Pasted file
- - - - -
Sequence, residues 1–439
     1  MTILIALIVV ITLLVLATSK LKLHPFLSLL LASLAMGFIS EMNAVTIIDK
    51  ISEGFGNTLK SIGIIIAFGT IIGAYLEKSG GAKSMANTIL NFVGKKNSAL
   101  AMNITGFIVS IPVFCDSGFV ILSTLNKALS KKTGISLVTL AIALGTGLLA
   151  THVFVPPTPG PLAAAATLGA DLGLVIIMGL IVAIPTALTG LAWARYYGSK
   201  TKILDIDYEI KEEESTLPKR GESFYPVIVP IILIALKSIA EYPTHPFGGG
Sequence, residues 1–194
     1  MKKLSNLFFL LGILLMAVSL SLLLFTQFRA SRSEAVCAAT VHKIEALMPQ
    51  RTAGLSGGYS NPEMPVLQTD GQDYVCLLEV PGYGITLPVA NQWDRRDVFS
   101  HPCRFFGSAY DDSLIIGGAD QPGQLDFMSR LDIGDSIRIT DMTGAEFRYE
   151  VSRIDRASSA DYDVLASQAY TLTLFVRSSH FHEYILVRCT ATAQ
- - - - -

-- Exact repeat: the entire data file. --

Sequence, residues 1–439
     1  MTILIALIVV ITLLVLATSK LKLHPFLSLL LASLAMGFIS EMNAVTIIDK
    51  ISEGFGNTLK SIGIIIAFGT IIGAYLEKSG GAKSMANTIL NFVGKKNSAL
   101  AMNITGFIVS IPVFCDSGFV ILSTLNKALS KKTGISLVTL AIALGTGLLA
   151  THVFVPPTPG PLAAAATLGA DLGLVIIMGL IVAIPTALTG LAWARYYGSK
   201  TKILDIDYEI KEEESTLPKR GESFYPVIVP IILIALKSIA EYPTHPFGGG
Sequence, residues 1–194
     1  MKKLSNLFFL LGILLMAVSL SLLLFTQFRA SRSEAVCAAT VHKIEALMPQ
    51  RTAGLSGGYS NPEMPVLQTD GQDYVCLLEV PGYGITLPVA NQWDRRDVFS
   101  HPCRFFGSAY DDSLIIGGAD QPGQLDFMSR LDIGDSIRIT DMTGAEFRYE
   151  VSRIDRASSA DYDVLASQAY TLTLFVRSSH FHEYILVRCT ATAQ